There is a tremendous amount of misinformation regarding sunscreens that induce undue fear in the public. Organizations that propagate these fears contribute to decreased sunscreen use -- one of the most important modalities in protecting one's skin from sun damage.
Part and parcel of any summer is a tube of sunscreen. There is a plethora of recommendations from many different sources regarding sunscreens. A quick internet search of the toxicity of sunscreens tries to make me believe that I am culpable for actively poisoning myself and my child. Thankfully, I am not as easily swayed by alarmist rhetoric despite the mommy blogs that try to shame me into purchasing the more expensive brands of an already-pricey product.
Skin cancer is the most common cancer in the United States with an increase in number of newly-diagnosed cases, as well as deaths attributable to skin cancer. Sun exposure contributes to 90 percent of nonmelanomas (squamous cell and basal cell carcinoma) and 65 percent of melanomas. Ultraviolet light which is radiation from the sun, includes primarily UV-A and UV-B (there is also UV-C but is filtered by the ozone), which are different wavelengths of UV light. The problem with UV radiation is that it penetrates the skin and can cause DNA damage (mutations) – ultimately causing cancer when this happens in excess.
Sadly, fear mongering and misrepresentation of facts are a special skill for organizations such as the Environmental Working Group – possibly one of the most scientifically flawed organizations out there, as we have reported before. The EWG ranks ingredients in sunscreens that are not based on peer reviewed scientific literature and irrespective of what that ingredient is – chances are it’s getting a high “hazard score” and they ultimately do a major disservice to the public. The most important part of sunscreen use is that you use it – and if you have these organizations telling you it’s harmful, then it discourages its use.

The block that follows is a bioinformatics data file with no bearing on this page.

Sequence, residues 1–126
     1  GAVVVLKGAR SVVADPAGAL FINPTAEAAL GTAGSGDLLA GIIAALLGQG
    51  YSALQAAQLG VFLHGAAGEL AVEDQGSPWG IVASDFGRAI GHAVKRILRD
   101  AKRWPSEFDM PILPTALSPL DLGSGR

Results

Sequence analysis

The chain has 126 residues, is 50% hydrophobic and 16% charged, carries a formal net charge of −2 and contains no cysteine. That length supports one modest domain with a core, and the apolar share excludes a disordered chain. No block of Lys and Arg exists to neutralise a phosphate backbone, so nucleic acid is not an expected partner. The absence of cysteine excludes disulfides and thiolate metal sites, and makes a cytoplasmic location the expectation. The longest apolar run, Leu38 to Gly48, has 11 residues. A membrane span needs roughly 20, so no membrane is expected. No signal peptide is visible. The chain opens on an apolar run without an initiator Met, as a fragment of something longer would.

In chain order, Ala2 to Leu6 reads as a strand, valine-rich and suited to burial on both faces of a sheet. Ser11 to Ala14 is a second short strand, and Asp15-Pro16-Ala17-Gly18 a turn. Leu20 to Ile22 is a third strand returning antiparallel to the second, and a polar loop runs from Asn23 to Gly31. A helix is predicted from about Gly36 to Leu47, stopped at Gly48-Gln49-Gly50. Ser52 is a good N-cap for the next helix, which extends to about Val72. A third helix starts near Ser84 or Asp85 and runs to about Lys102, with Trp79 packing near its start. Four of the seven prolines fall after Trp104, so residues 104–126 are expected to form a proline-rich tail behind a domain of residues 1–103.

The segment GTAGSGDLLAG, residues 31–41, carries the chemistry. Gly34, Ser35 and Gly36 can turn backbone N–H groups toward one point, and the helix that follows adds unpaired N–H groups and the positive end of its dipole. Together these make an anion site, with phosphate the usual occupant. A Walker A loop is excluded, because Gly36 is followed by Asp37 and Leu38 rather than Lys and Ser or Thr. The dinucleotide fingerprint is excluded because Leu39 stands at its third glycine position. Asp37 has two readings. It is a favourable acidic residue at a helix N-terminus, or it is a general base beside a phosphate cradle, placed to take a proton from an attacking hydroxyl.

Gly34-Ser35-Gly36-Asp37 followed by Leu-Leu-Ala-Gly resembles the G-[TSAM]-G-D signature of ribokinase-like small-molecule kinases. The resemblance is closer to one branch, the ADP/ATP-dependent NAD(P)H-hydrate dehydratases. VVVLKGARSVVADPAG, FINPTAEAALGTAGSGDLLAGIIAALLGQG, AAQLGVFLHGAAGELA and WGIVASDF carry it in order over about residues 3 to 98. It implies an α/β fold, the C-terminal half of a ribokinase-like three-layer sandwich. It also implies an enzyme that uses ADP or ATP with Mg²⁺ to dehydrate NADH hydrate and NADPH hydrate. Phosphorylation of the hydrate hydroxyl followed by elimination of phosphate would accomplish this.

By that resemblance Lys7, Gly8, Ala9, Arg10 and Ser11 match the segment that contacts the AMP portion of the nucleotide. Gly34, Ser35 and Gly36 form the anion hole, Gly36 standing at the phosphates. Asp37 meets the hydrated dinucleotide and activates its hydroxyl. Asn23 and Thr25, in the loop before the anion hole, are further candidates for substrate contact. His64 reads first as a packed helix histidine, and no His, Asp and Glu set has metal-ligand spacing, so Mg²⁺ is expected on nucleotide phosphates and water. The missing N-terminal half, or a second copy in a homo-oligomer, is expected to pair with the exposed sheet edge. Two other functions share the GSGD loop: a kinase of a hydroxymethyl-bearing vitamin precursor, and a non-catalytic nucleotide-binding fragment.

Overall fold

According to the American Academy of Dermatology, the Canadian Dermatology Association, the Skin Cancer Foundation and the European Union’s Scientific Committee for the Safety of Consumer Products have repeatedly concluded that sunscreens are safe. And for an organization like EWG, which is not a governmental agency or an academic scientific body to make sweeping declarations about the carcinogenicity or toxicity of a chemical is not only misleading, but irresponsible.
The great thing about sunscreens is that they block UV-A and UV-B. It is recommended that they are used on average every two hours (or as frequently as needed), have a sun protection factor (SPF) of at least 30, and have broad spectrum coverage (meaning it blocks both UV-A and UV-B). The two main ingredients often contained in sunscreens are titanium dioxide and zinc oxide, and according to EWG they can cause local skin damage when exposed to the sun (not true) and the nanoparticles comprised of TiO2 and ZO cause lung damage when inhaled (not true), oh and of course TiO2 is a carcinogen (also not true).
They also include in their list of scary ingredients retinyl palmitate – which is basically a storage form of vitamin A in the skin and it's something that is sold at Whole Foods as part of a supplement for babies!
EWG also accuses oxybenzone of being an endocrine disrupting chemical (chemicals that may interfere with the endocrine system and cause negative outcomes). EWG based their conclusion on flawed studies and others that did not even specifically examine oxybenzone exposure. We see a lot of studies that link an exposure to an outcome and as we have cautioned time and again – an association is not causation. (Click here for Dr. Josh Bloom's cantankerous rant).
So the great news for all of us this summer is slather on the sunscreen cream or lotion, use it liberally, use it frequently – you will not die from it.